Synopsis: When three overworked and under-appreciated moms are pushed beyond their limits, they ditch their conventional responsibilities for a jolt of long overdue freedom, fun, and comedic self-indulgence.
Stars: Mila Kunis, Kristen Bell, Kathryn Hahn, Jay Hernandez, Annie Mumolo, Jada Pinkett Smith, Christina Applegate, David Walton
Director: Jon Lucas, Scott Moore
Running Length: 101 minutes
TMMM Score: (3/10)
Review: Man, 2016 has just not been a great year for mom movies. I’m barely over April’s otherworldly awful Mother’s Day (RIP Garry Marshall) and now Bad Moms has been plunked down on our cinematic doorstep like a heap of garbage. Not only is the movie tone-deaf, stupid, tiring, and boring, but the way it squanders the talent of every single cast member is really something for the record books. Like the recent Ghostbusters reboot, here is a movie that doesn’t know what to do with its perfectly capable but script stymied stars.
The first hurdle to overcome is buying the fact that 32-year-old Mila Kunis (Ted) has a 12-year-old. Yeah, I know mathematically it works but throughout the film when sharing scenes with her two awkward children (that look nothing like her in the slightest) she looks like their babysitter instead of their mom.
Kunis is Amy, a hard-working mother of two who manages to get everything done without any help from her slacker husband or her emotionally stunted (read: awful and spoiled) tykes. In addition to her mom duties, her part-time job for a coffee company has her putting in 40+ hours a week. So it’s easy to see why she’s just a tad stressed when Gwyneth, the head of the PTA (a disappointingly comatose Christina Applegate, Vacation) and her two cronies (Jada Pinkett Smith and Annie Mumalo, Joy) puts a target on her for bringing store-bought food to the school bake-sale. Working with two other PTA-averse moms (Kristen Bell, The Boss and Kathryn Hahan, Bad Words), Amy decides to challenge Gwyneth in the upcoming PTA election.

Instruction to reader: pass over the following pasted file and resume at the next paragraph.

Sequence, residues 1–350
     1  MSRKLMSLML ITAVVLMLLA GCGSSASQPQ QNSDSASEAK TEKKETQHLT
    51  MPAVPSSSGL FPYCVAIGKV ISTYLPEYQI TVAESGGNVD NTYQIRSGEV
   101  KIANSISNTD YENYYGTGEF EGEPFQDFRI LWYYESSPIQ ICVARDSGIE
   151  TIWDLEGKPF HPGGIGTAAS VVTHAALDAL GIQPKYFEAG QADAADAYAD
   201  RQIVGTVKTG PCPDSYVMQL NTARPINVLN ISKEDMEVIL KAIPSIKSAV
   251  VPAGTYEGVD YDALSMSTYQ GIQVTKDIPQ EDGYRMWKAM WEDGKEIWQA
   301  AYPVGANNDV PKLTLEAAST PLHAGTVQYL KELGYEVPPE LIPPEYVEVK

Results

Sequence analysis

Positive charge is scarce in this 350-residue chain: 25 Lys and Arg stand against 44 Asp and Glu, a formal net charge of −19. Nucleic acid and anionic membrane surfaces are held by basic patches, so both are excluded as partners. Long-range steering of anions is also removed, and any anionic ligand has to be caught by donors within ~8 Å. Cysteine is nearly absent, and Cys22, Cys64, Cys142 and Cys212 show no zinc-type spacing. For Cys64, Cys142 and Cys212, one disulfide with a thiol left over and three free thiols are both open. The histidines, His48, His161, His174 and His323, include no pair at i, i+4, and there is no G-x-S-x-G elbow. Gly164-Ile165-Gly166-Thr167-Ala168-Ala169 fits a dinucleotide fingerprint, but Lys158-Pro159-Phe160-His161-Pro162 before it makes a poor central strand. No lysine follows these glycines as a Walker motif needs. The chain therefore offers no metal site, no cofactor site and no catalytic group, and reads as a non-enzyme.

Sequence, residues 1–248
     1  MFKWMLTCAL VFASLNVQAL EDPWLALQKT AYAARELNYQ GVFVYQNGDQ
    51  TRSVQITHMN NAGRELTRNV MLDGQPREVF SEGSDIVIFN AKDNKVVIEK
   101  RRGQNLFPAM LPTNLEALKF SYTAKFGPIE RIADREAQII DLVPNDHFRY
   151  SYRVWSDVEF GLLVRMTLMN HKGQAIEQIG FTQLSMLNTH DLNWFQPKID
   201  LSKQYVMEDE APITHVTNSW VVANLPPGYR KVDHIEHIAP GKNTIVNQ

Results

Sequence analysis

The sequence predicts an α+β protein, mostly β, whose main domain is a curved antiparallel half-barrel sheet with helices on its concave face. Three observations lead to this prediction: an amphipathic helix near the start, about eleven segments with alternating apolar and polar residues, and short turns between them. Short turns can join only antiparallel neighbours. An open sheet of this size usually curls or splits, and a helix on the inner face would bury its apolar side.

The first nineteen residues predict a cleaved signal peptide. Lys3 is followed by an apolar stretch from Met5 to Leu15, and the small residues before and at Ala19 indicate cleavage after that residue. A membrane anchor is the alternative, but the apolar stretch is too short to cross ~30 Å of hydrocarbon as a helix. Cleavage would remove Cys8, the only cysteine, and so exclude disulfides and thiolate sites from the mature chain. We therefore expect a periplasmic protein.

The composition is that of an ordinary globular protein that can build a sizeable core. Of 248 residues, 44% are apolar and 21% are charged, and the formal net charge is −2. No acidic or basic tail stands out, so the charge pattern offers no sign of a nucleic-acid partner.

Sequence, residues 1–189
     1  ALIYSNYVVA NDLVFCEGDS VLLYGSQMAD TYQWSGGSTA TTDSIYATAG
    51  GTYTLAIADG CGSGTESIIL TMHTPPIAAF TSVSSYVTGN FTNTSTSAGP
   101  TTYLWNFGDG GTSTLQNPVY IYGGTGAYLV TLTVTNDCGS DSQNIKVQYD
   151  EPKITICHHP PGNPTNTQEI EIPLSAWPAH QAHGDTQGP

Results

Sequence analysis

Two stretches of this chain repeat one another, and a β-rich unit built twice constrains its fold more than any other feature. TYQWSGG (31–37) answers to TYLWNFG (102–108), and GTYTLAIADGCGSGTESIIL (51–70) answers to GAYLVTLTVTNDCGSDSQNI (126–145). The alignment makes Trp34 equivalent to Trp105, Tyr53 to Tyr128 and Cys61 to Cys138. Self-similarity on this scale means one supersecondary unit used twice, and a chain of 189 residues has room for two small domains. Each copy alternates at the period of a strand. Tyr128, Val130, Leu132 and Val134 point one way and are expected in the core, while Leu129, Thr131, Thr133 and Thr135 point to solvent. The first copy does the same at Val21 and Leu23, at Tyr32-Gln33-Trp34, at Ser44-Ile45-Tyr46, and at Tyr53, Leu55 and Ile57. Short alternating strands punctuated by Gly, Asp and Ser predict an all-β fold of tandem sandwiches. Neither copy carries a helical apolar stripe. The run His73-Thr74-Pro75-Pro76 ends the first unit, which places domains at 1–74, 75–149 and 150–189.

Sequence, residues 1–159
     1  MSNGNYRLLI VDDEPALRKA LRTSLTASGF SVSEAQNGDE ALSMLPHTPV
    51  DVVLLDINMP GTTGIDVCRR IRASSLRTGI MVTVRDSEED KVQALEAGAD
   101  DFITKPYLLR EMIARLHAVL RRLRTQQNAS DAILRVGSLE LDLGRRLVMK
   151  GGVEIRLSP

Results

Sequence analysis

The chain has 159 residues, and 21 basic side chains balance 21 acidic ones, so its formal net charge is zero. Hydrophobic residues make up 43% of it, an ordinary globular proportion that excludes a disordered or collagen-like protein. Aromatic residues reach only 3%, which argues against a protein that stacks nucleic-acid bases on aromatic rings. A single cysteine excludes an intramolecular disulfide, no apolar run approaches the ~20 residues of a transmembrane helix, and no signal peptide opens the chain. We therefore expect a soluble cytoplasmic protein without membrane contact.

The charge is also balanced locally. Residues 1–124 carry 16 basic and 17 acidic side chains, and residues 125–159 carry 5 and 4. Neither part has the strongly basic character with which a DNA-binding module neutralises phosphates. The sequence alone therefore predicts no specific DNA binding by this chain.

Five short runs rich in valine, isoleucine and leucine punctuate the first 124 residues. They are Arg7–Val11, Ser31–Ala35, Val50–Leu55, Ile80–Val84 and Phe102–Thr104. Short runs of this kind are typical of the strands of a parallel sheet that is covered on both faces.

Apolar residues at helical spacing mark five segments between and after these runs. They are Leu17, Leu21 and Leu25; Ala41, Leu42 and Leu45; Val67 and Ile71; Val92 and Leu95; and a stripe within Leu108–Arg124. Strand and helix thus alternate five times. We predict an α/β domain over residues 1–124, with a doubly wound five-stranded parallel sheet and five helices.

That’s pretty much all she wrote folks, or in this case all he wrote or, more to the point, all they wrote because director/screenwriters Jon Lucas and Scott Moore don’t bother to do anything original or, I dunno, funny with this material. Though Bell’s hapless simp is fleetingly amusing and Hahn gets in some dandy zingers clearly ad libbed on the spot, the bulk of the film is an astoundingly lame exercise in men writing about the secret life of moms. For example, take Jada Pinkett Smith’s (Magic Mike XXL) uptight Stepford wife remarking after oogling dad-hunk Jay Hernandez (Suicide Squad), that she’d “let him put it in my”…well, I’ll let you fill in the location. That’s literally one of Pinkett Smith’s first and only lines in the film…what an impression.
Make no mistake about it, I have no objection to a movie going crass in style. Plenty others have shown they can do it well but here it’s so uncomfortable to witness you’ll be tempted to watch certain scenes through splayed fingers normally reserved for horror movies. Hahn knows her way around raunchy material but even she looks like she’s totally over her dialogue comprised mostly of F-bombs and synonyms for the female anatomy. Kunis is pleasant enough but seems out of place with Bell and Hahn…I would have loved to see her switch roles with Applegate because both actresses seem to be pining to be playing any other role than their own.
At 101 minutes the film could be a good 10 minutes shorter without the numerous slo-mo scenes of bad mom debauchery. The first time it’s used to good effect in a late-night grocery store rampage but it soon wears out its welcome, as does the tendency to blast a pop song every three minutes to punctuate scene shifts. It’s a sloppy movie that comes in well below the taste level I’d expect of this group of otherwise pleasant actors.
As much as I disliked this film on the whole, I have to say the end credits may just be the best I’ve seen all year. Interviews with Kunis, Bell, Hahn, Pinkettt Smith, Applegate, and Mumalo sitting next to their real life moms provides more laughs and heart than the preceding 98 minutes. What a shame Lucas and Moore didn’t start with these interviews and find some inspiration for the screen moms they created. Maybe they would have been more than just male cartoon visions of what moms look and sound like.